Reply 35580 of 37721, by OldCat
dionb wrote on 2020-08-19, 20:30:
Everywhere I look, it says Doom doesn't use FPU in any shape or form. Carmack supposedly referenced it explicitly when discussing Quake (which does), but I can't find the reference/quote anywhere.
So it's unlikely FPU would make the difference. But something clearly was. My best bet would be cache: a 386 system with 387 clearly had no expenses spared, so probably was equipped with cache. Cheaper 386 systems were not necessarily equipped with cache, indeed, 386SX systems very rarely were. Cache makes a big difference in performance and is one of the reasons 486 tend to be faster than 386 (period correct code rarely if ever used the extra instructions, but the 1kB L1 cache was always utilized).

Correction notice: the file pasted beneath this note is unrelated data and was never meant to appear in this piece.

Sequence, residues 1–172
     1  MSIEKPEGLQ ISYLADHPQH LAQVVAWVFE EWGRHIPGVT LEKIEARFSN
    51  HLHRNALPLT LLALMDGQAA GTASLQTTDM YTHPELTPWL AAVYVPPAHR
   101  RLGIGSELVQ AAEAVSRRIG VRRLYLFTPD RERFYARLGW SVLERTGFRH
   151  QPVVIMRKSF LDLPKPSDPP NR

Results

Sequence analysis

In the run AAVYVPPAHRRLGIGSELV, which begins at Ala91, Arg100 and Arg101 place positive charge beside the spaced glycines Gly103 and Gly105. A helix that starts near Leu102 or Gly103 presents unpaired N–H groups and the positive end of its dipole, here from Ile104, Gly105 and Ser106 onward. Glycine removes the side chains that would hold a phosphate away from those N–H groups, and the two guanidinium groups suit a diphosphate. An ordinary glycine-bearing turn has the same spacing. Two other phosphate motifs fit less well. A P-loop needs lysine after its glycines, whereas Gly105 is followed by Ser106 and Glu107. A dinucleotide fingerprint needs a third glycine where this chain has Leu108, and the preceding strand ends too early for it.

Video card could also matter, although with late ISA systems the bus tended to be more of a bottleneck regardless of VGA chip, at least in DOS.
mkarcher wrote on 2020-08-19, 21:41:
The 386 systems that were running Doom badly likely were not late ISA systems, and something like a TVGA 9000 or an OTI077 was quite common those days. Most of them were far from being limited by ISA bandwidth.
Thank you for your answers, gentlemen, very informative. A combination of cache and good graphics card could probably elevate that particular 386 to an "almost 486" status.